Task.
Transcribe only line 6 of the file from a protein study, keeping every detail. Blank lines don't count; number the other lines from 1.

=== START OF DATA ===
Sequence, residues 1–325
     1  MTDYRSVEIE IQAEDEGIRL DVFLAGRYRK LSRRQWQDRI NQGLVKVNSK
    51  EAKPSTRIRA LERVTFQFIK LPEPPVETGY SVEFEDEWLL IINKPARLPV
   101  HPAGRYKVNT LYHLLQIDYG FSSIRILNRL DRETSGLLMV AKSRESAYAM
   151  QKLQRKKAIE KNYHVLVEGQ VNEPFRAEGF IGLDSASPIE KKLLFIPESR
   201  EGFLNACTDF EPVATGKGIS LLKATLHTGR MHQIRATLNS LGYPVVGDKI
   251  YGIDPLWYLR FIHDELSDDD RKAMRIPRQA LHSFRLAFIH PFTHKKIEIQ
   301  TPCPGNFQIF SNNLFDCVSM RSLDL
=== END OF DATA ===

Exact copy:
   201  EGFLNACTDF EPVATGKGIS LLKATLHTGR MHQIRATLNS LGYPVVGDKI